Double jeopardy of China's diplomacy

0 CommentsPrint E-mail Global Times, November 4, 2010
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Editor's Note:

Frictions between China and the US and China and its neighboring countries have been constant this year. Does China face new unfriendliness from both developed and developing countries? Are such growing pains inevitable for emerging powers? Global Times (GT) reporter Hu Jia talked to Yuan Peng (Yuan), director of the Institute of American Studies at China Institutes of Contemporary International Relations, Sun Zhe (Sun), director of the Center for Sino-US Relations at Tsinghua University, Peng Guangqian (Peng), a specialist in military strategy at the People's Liberation Army Academy of Military Sciences, and Xu Yan (Xu), a professor at the Chinese People's Liberation Army's National Defense University, on these issues.

Peng Guangqian

Yuan Peng 

Xu Yan

Sun Zhe

GT: Is China's development "blocked at both ends?" Is it opposed by both developing and developed nations?

Yuan: If a man suddenly becomes strong, he will become a thorn in the leaders' flesh and arouse jealousy from colleagues and neighbors. That's what China is going through.

Since the US believes its hegemony is being challenged by China, it will take precautions against China's rising. For those new emerging countries, such as India, their unfriendliness toward China stems from jealousy. As for other developing countries, they are worrying that China will gradually shift away from them and grow into a developed country and can't represent them any more. Their feelings toward China are a sense of crisis and loss. Because China is an Asian country, its rise has more prominent impact on surrounding countries.

Sun: In the past year and a half, China has been criticized for its performance in dealing with climate change and the financial crisis. Many countries believed that China took advantage of the existing economic system to seek its own interests.

The US logic was very simple: Why was China the only country that maintained normal growth during the financial crisis? Some developing countries also condemned China. China has been paying great attention on developing good relations with developing countries, but confronted with many problems, China is not rich enough to aid all the other developing countries.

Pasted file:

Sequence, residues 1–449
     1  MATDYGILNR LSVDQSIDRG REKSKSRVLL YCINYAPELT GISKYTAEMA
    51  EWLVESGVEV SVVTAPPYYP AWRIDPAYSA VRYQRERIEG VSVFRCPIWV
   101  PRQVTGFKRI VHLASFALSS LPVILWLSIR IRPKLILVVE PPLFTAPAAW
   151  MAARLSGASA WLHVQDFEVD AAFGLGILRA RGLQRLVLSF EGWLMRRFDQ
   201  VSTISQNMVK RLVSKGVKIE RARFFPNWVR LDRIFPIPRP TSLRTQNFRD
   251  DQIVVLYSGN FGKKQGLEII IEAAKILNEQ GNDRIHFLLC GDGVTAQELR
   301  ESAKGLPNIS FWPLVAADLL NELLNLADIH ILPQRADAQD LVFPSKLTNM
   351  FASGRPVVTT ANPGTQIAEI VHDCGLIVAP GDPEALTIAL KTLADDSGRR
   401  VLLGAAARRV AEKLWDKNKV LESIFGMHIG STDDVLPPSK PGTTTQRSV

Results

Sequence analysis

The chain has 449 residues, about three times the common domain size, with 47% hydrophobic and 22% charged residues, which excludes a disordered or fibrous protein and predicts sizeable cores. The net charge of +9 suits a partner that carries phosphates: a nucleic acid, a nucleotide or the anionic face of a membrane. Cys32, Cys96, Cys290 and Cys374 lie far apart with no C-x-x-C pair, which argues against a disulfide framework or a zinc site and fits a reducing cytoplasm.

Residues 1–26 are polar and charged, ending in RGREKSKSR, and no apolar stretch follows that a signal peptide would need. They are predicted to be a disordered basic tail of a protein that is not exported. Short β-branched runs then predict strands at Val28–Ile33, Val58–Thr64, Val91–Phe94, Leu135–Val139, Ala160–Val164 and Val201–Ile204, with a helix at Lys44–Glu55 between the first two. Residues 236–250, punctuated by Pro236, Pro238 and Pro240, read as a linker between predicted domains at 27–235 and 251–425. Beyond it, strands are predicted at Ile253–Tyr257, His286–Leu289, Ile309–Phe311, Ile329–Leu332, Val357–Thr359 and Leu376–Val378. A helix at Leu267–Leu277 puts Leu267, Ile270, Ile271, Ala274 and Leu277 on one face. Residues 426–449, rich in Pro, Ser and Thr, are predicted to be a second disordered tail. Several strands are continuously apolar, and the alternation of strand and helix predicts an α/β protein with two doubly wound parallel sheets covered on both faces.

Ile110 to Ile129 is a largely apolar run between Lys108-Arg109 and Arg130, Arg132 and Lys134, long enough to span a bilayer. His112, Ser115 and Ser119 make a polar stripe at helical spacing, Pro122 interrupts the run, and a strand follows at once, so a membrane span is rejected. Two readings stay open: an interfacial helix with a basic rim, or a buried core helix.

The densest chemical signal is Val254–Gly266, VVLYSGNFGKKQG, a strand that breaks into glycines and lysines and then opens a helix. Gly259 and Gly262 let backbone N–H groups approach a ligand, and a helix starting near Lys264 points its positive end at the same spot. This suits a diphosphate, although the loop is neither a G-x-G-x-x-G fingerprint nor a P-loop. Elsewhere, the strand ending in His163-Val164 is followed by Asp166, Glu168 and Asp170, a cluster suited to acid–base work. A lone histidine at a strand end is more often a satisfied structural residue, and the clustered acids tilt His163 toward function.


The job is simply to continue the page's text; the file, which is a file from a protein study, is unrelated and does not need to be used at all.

Peng: Using "blocked by two ends" to describe China's current situation is not so accurate. Not all the other developing countries are unwilling to see the rise of China. Some of our neighbors that have historical disputes with us do feel worried about China's rise and want to depend on the US to balance China.

Actually, they don't want to lean to the side of the US and challenge China. They just hope to use external powers to balance China.

However, this approach runs a high risk of bringing in a troublemaker, and the countries will eventually suffer.

Xu: China is facing inevitable growing pains. Although the nation seems strong as a whole, our technological level is still low and there are many problems that need to be solved.

Strictly speaking, it is not accurate to say that China is challenged at both ends. The originator of the problems that China encountered this year is the US. Although a number of countries seem to be involved in the South China Sea disputes, the yuan exchange rate and other issues, in fact, the US is the driving force.

The Sino-US relationship is on a roller coaster ride. On the one hand, the US needs China, and on the other hand, the US has to suppress China. The US policy on China is two-sided. It is not surprising that the negative side has won out this year.

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